While working as an assistant to nuclear physicist Lise Meitner in Berlin, Delbrück organized scientific lectures at his house in Berlin-Grunewald. One of his early guests was Nikolai Timoféef-Ressovsky, a geneticist working at the Kaiser Wilhelm Institute for Brain Research in Berlin-Buch, later the site of the MDC. Timoféef-Ressovsky reported on a method to use X-rays to generate mutations in the fruit fly. The technique had been developed by the American biochemist Hermann Muller (later leading to a Nobel prize for Muller); he introduced it to Timoféef-Ressovsky and spent a few months working with him in Berlin-Buch in 1932-33. X-rays accelerated the search for new genes by providing a method to generate new mutations; previously, scientists had had to wait for them to appear naturally.
Delbrück was a frequent dinner guest of Timoféef-Ressovsky and his colleague Karl Zimmer, who were discovering that increasing doses of radiation increased the number of mutations in flies. This effect was hard to explain without a theory of the chemistry and physical structure of genes, which at the time had the status of abstract concepts. The three men clearly formulated a hypothesis that others had been thinking about, which became central in the search. If genes were chemical units arranged in a linear way on chromosomes, X-rays would presumably strike random points on the chromosomes, disrupting the chemistry of any gene they hit. That meant that information from the dosage experiments could be used to calculate the size and potentially other features of genes. For the first time, genes began to take on a tangible form.
Delbrück, Timoféef-Ressovsky and Zimmer wrote up their results and speculations in a paper known as the “green pamphlet”, owing to the color of its binding. It attracted wide attention from an interdisciplinary audience including the physicist Erwin Schrödinger, who drew on its ideas in a popular work called What is Life? The two books inspired an all-out quest for the nature of the gene, which was finally resolved by James Watson and Francis Crick. The work that led to Delbrück's Nobel Prize came from a collaboration with Salvador Luria in the U.S. The two men found a way to test the hypothesis that mutations normally arise by chance, rather than as a response to environmental conditions. This resolved an argument between supporters of Darwin's theory of evolution, which holds that organisms undergo random variations and then selection, and followers of an earlier view held by Lamarck: that as organisms coped with their environments, they acquired characteristics that could be passed along through heredity. Delbrück and Luria grew bacteria in cell cultures that contained phage virus, which would kill any bacteria that didn't develop resistance. If genes were changing in response to the presence of the virus, they reasoned, then each culture dish should produce roughly the same number of survivors. Instead, the results were highly variable – which showed that random mutations were allowing the bacteria to survive.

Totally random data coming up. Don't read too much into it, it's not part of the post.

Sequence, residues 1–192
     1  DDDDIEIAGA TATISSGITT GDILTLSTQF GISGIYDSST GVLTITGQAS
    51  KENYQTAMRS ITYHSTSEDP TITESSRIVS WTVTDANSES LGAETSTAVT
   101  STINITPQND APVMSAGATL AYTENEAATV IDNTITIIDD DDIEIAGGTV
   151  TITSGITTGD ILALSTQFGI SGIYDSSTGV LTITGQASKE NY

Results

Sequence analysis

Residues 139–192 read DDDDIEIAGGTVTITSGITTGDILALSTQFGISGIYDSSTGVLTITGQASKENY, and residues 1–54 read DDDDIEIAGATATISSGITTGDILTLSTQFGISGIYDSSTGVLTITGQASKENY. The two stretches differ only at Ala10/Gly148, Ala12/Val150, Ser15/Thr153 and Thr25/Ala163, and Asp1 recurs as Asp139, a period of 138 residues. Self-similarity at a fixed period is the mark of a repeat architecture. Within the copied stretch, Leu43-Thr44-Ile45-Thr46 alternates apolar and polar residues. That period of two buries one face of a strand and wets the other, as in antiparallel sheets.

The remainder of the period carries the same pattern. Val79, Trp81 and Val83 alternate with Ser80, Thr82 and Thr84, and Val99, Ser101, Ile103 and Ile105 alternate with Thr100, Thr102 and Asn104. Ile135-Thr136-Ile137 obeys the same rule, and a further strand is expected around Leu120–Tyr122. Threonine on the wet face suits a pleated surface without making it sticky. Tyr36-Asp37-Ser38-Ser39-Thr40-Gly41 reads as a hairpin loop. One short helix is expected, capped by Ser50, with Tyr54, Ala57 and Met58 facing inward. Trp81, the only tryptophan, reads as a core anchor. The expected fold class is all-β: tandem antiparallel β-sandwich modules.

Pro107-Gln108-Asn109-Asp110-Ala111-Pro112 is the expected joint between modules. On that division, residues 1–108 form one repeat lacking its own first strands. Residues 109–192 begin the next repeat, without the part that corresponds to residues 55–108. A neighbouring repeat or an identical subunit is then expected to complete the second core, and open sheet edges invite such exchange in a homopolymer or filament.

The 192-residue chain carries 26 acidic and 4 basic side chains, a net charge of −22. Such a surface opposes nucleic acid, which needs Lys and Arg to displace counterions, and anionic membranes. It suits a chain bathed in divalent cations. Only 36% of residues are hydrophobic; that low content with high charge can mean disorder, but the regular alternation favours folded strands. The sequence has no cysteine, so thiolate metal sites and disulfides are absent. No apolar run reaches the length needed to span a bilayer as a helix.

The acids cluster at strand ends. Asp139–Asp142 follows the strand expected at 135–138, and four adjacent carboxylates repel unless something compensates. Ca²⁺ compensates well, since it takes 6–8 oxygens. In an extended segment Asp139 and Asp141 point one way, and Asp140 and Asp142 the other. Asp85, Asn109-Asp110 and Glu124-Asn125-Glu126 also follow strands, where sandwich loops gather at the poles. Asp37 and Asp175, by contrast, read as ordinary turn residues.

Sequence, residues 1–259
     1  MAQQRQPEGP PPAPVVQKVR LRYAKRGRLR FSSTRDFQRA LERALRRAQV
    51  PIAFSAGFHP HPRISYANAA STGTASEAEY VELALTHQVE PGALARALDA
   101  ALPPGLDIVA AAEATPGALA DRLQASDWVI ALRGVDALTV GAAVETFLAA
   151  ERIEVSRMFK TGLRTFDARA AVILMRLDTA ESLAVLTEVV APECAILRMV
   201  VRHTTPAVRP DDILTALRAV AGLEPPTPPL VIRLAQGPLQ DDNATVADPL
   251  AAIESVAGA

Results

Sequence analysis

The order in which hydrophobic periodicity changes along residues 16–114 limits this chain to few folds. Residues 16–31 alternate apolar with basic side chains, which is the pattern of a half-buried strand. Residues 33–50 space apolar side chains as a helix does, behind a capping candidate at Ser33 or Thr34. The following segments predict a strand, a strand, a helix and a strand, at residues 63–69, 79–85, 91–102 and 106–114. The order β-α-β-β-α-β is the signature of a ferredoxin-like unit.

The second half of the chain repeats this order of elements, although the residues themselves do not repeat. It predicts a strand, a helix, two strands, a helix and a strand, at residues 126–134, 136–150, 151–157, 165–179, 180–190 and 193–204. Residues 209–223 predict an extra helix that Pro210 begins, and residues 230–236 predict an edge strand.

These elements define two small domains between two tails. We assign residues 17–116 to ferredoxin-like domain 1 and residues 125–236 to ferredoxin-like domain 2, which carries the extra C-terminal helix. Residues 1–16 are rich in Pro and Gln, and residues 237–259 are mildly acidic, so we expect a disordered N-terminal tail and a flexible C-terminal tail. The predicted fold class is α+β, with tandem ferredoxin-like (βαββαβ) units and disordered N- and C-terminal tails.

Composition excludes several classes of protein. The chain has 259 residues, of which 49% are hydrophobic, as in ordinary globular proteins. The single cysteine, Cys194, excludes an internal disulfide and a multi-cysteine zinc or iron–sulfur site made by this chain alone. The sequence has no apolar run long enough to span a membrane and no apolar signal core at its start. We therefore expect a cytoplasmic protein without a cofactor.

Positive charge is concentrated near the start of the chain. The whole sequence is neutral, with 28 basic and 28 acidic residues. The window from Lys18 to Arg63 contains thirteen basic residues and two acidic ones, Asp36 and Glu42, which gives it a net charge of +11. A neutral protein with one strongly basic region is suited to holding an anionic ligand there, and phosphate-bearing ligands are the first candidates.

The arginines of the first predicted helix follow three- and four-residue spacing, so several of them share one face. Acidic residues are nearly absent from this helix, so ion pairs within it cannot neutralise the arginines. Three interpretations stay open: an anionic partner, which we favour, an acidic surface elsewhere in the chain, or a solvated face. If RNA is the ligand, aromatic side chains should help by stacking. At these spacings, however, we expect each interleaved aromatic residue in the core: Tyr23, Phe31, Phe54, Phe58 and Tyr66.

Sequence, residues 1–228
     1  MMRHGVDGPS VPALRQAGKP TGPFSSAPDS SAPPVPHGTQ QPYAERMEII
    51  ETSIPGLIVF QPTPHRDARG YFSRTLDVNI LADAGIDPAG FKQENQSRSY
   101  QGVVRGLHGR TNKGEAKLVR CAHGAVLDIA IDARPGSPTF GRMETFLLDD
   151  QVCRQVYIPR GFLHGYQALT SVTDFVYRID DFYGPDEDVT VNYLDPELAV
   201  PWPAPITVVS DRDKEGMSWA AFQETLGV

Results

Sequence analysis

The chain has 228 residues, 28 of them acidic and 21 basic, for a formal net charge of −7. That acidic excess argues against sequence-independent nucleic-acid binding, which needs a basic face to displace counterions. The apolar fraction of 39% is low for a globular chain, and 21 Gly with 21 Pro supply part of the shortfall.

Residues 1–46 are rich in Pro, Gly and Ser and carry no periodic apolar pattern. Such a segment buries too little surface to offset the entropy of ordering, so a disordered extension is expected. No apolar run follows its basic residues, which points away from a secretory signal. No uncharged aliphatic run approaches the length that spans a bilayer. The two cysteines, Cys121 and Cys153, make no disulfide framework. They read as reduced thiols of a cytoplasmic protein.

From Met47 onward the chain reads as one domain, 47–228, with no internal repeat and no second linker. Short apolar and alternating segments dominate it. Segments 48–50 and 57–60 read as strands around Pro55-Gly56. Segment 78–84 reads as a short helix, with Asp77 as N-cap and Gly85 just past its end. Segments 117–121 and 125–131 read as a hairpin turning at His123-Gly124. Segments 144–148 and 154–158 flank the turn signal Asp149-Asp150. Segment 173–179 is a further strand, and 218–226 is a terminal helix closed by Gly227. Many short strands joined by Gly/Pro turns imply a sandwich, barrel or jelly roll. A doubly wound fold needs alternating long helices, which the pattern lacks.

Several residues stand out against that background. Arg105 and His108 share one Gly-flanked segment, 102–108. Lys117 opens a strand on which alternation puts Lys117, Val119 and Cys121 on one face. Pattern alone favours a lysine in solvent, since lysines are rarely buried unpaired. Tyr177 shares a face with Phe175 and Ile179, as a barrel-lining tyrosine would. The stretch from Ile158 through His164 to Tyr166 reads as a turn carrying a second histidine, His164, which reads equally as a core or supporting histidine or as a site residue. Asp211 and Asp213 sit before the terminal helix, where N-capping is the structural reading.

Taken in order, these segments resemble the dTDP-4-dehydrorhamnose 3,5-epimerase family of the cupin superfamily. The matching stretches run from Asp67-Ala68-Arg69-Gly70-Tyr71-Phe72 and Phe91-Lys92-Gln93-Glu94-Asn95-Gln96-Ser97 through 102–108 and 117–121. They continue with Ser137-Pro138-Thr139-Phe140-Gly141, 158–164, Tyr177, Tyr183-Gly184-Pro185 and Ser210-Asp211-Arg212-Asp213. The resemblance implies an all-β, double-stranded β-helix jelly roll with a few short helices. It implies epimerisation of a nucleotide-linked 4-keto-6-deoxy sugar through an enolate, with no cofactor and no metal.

Delbrück continued working in science until his death and gained a reputation as an excellent teacher and mentor. Throughout his life he maintained a connection to Berlin through his support of the artist Jeanne Mammen, who had painted his portrait in 1937 (it now hangs in the office of Director). Delbrück sent care packages to her and others during the war, kept her from starvation by buying several of her paintings, and compiled a photographic catalogue of her works.
This is a heavily shortened version of theby Friedrich C. Luft, referenced below.
Friedrich C. Luft (2007):Journal of Molecular Medicine. 85(3) p. 207-11.